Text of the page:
I only looked at the years together and if they were All-Pro or named to Pro Bowls, their sack totals (noting that before 1982 sacks were not official) and team success -- both in winning, especially Super Bowls. I also considered if the tandems were part of defenses that could stop the run and pressure opposing quarterbacks.

With those caveats, here are my top 15:

Rank, name (left end listed first), team, seasons as a duo

15 (tie). William Fuller and Sean Jones—Houston Oilers, 1990-1993.

William Fuller (#95) and Sean Jones (#96)

Fuller and Jones combined for 113-1/2 sacks from 1988-93, but that counts two years they weren't starting together. After he arrived in Houston, Jones spent the first two years primarily as a third-down rusher. The Oilers played a 3-4 scheme, but in nickel defense they used four defensive linemen, with Jones coming off the bench.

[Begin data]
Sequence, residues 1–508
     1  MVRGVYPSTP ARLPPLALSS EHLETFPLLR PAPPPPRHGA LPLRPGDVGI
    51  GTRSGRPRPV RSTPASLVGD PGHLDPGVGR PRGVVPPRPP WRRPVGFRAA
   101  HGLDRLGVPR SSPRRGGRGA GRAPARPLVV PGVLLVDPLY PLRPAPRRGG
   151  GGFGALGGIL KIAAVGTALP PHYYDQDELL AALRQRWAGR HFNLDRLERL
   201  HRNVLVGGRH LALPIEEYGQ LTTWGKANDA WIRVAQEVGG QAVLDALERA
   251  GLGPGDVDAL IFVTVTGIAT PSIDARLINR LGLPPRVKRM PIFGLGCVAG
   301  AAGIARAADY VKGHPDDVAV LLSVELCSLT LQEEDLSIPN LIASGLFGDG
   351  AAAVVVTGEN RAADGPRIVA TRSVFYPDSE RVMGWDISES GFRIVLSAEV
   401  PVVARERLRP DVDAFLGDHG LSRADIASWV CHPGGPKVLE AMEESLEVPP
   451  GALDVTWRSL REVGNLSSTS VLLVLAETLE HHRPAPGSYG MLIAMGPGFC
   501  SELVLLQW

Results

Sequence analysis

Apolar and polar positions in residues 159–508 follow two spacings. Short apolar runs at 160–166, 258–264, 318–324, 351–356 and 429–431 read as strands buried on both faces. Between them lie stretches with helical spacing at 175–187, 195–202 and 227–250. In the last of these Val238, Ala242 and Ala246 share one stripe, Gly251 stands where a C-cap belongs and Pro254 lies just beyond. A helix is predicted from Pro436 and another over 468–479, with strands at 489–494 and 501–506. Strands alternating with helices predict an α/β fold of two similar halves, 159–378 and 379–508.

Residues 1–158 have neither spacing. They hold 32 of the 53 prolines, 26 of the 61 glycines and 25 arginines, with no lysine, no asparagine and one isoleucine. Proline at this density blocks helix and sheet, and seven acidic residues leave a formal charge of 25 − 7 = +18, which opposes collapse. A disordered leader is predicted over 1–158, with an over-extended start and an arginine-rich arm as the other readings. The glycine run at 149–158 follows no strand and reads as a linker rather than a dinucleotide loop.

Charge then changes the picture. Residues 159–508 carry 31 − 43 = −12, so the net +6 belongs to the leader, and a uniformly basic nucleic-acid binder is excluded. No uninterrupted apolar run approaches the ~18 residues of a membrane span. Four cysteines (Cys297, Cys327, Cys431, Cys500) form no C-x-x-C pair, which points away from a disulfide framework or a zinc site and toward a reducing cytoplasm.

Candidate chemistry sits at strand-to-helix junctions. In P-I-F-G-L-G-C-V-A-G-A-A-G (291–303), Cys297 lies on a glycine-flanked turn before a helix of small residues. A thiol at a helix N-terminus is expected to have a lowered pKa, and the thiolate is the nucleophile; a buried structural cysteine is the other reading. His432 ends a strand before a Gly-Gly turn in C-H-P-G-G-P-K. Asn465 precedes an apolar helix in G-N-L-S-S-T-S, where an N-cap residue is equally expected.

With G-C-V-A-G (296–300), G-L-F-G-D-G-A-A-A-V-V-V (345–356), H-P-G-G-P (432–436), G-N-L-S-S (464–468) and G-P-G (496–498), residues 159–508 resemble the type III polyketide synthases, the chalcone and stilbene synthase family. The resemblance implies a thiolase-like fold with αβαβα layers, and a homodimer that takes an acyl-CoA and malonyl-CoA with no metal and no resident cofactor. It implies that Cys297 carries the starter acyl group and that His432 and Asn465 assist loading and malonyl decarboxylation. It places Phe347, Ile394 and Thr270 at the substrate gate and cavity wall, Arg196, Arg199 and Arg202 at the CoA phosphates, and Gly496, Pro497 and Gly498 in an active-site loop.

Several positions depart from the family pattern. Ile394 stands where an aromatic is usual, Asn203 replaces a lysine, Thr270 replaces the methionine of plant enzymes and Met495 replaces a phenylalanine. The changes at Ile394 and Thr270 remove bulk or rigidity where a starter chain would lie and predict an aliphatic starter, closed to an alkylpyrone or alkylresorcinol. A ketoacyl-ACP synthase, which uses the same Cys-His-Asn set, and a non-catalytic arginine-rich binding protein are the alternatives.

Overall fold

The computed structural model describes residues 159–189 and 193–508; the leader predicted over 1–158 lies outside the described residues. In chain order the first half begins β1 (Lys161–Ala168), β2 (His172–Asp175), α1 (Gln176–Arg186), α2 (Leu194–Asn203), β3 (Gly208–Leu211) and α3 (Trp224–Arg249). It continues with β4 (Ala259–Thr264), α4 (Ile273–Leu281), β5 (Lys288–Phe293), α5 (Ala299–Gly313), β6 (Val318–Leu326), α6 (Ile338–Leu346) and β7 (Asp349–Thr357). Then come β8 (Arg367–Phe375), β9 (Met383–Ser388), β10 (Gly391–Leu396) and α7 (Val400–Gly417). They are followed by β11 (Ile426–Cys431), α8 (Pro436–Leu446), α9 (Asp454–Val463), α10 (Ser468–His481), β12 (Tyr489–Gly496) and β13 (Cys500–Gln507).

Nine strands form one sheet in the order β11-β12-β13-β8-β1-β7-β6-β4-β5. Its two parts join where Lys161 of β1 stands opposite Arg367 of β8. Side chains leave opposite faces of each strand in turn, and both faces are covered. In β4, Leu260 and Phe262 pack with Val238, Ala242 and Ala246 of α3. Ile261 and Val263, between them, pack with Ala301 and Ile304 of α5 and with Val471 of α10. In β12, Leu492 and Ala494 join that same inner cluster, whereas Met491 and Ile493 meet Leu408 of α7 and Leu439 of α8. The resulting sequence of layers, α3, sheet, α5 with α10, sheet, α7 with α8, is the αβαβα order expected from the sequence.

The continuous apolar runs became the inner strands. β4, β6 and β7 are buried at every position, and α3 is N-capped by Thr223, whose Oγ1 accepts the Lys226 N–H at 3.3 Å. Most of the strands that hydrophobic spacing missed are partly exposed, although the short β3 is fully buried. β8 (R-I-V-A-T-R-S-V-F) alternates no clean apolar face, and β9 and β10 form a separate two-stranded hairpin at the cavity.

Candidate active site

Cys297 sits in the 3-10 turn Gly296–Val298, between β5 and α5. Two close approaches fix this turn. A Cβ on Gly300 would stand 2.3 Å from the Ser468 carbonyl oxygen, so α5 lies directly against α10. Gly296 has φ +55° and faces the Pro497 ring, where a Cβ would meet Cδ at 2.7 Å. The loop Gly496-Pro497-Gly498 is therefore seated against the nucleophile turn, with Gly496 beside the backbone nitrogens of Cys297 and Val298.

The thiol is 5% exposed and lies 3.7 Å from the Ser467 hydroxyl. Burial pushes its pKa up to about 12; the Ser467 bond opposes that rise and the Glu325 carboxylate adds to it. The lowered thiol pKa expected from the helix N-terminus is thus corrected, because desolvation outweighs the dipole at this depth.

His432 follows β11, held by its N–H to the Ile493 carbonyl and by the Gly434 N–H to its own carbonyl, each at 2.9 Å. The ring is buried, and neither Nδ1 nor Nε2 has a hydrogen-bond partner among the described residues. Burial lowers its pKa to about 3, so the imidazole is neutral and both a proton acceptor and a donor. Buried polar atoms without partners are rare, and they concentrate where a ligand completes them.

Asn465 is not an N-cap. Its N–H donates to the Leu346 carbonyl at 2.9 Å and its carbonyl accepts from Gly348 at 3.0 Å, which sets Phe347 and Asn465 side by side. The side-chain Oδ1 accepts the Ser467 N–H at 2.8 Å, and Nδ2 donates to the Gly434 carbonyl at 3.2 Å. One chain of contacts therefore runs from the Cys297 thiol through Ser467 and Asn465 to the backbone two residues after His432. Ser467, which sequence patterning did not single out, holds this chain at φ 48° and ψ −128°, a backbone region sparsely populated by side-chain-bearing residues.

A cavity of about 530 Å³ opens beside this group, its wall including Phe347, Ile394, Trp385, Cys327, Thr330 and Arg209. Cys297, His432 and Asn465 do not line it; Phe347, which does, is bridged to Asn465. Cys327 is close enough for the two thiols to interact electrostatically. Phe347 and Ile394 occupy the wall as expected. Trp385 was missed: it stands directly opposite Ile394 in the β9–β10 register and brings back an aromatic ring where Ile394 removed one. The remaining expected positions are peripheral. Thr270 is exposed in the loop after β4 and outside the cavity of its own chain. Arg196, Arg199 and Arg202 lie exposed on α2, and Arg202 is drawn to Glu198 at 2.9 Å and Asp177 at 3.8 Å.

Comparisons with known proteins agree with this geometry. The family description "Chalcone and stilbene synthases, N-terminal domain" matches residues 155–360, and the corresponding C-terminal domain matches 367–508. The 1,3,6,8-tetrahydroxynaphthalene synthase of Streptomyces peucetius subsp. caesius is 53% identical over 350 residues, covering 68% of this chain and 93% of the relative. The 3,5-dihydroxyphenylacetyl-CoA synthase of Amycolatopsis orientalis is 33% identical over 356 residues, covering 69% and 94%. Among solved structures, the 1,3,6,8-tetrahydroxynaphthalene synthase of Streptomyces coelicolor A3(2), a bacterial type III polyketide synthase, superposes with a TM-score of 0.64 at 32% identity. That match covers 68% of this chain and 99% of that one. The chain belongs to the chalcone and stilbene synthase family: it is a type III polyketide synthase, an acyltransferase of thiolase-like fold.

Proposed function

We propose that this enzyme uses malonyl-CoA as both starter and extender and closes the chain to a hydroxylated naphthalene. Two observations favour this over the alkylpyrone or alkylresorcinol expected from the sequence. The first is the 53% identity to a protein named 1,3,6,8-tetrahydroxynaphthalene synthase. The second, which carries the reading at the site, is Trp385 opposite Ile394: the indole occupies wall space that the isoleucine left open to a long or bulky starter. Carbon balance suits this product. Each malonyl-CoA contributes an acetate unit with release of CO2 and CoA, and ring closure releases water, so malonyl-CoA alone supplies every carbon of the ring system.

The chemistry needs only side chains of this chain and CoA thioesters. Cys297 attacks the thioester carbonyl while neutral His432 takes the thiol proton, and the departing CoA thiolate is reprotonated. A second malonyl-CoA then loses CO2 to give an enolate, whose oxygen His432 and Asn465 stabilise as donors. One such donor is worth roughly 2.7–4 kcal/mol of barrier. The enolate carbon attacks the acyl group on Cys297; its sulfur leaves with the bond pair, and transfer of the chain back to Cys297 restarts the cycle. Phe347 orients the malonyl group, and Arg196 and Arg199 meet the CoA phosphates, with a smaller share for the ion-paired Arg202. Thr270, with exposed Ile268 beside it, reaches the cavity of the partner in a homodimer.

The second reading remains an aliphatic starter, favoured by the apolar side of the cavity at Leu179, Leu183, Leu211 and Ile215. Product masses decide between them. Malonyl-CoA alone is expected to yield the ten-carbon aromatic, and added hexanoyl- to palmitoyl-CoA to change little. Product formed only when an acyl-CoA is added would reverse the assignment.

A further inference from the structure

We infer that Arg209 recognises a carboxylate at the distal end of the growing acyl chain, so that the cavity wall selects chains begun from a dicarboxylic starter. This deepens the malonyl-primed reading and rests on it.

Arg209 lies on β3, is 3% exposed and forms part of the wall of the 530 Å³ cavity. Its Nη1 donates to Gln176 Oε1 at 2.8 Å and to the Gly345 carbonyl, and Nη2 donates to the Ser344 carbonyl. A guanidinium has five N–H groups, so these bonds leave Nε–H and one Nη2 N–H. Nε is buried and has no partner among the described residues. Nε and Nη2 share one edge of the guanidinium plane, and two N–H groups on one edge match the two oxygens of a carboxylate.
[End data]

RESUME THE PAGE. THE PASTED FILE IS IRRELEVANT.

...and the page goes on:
But from 1990-93, Fuller and Jones were bookends ... and good ones at that. However, in an era with Reggie White, Bruce Smith, Chris Doleman, Richard Dent, Charles Haley and others, All-Pro and Pro Bowl slots were hard to secure. So these two gained little notice on that front.

Still, Fuller went to a Pro Bowl in 1991 and Jones in 1993.  Both signed elsewhere in 1994, breaking up the duo after just four years as starters and six together. Had they been paired longer, they'd be higher on my list,

15 (tie). Art Still and Mike Bell—Kansas City Chiefs, 1981-85, 1986.

Art Still and Mike Bell (#99)

These two never really got to reach their potential, but they were as talented as any on this list, though only in one year (1984). Injuries and off-the-field incidents (Bell served prison time on drug charges) got in the way the other seasons.